Many loose minerals on the market today offer a compete supplement, and already contain salt to meet the animal’s needs. If your mineral supplement does not, it is important not to supply plain white salt, and mineral separately, as this may decrease intake of the mineral as cattle crave only the salt. Feeding a loose mineral also requires the use of a feeder or trough. Mineral feeders come in a wide variety of shapes and sizes, and there are options available for many situations and price ranges. Some minerals come in a weatherized form, which is less susceptible to the elements, and will require less protection from a feeder.
In addition to the form of mineral provided, it is also important to consider the source of the actual mineral. For example, iron in a packaged mineral supplement may be in the form of iron sulfate, iron carbonate or iron oxide. While all of these sources contain some iron, it is not all available to the animal. Bioavailability rank of these iron sources from most to least available is sulfate, carbonate, and then oxide form. Iron oxide or rust has very little nutritional value, and is often used to give mineral supplements their signature red color. It is very important to read your mineral tag carefully to be sure that the source of mineral provided is available to your cattle. As a general rule, bioavailability of sulfates and chlorides is typically greater than oxides. However, there is always an exception to the rule, magnesium oxide is absorbed well enough to be used in beef cattle minerals.
The majority of mineral supplements will offer minerals in the inorganic form, but there are several options offer mineral bound to amino acids or protein in the organic form. These are often referred to as chelates, complexes, or proteinates. Not all minerals are available in the organic form. Copper, zinc, cobalt, and manganese are the minerals typically fed in the organic form. However, it is important to note that organic minerals are more expensive than inorganic, and are generally not recommended to be fed year round. For the stocker producer, feeding an organic mineral form would be most beneficial during the receiving or pre-conditioning period.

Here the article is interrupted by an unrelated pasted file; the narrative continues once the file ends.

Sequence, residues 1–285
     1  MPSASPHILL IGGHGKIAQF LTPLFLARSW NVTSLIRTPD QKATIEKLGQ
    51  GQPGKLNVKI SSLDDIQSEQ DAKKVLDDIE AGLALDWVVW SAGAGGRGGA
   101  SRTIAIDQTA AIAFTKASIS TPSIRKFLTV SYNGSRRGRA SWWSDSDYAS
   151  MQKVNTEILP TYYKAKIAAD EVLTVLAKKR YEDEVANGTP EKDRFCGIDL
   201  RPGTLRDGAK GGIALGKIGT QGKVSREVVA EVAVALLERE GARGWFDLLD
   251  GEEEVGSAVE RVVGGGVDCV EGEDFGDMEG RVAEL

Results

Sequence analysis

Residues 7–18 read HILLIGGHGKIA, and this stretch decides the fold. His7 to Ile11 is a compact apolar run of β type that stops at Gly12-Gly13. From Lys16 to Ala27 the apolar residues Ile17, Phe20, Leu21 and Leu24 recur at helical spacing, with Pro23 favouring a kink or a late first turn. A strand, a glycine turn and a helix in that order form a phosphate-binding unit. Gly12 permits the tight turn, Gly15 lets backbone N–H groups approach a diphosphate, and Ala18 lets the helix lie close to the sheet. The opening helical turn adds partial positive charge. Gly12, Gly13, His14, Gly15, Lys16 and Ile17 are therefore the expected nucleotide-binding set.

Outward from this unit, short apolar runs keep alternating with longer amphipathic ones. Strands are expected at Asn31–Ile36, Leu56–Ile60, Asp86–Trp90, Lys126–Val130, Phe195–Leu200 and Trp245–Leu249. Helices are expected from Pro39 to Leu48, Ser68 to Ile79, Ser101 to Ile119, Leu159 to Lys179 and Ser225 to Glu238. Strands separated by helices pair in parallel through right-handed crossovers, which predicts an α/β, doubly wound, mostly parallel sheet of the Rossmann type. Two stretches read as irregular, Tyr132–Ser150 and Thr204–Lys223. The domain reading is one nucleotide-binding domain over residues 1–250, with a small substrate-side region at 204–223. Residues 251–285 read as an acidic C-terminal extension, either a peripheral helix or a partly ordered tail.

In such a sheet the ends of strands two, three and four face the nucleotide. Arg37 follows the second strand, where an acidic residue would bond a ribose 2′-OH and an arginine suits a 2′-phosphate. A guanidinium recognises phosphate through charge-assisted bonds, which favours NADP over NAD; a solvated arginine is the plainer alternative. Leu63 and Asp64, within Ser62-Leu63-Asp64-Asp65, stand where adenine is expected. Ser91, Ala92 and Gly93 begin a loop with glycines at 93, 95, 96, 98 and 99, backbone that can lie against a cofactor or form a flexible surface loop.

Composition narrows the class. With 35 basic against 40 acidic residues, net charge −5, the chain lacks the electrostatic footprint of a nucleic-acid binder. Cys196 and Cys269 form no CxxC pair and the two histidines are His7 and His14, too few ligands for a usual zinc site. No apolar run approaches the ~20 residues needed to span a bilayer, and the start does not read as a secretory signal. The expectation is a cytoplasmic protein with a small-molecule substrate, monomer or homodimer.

Finally, a good mineral program is only valuable if your cattle will eat the mineral. Proper management of mineral feeders is key. It is important to monitor intake of mineral to ensure cattle are consuming the recommended amount. It is also extremely important that the mineral supply, particularly for cattle on pasture, does not run out. If supplies run out, cattle are likely to over-consume minerals when reintroduced.
Perhaps the most important take home message is don’t forget or skimp on your mineral program. A good mineral program is vital part of a good herd management program, and is vital for healthy calves that grow and perform!
For more information about beef cattle production, contact an office of the Mississippi State University Extension Service, and visit msucares.com/livestock/beef.
Galyean, M. L., L. J. Perino, and G. C. Duff. 1999. Interaction of cattle health/immunity and nutrition. J. Anim. Sci. 77:1120–1134.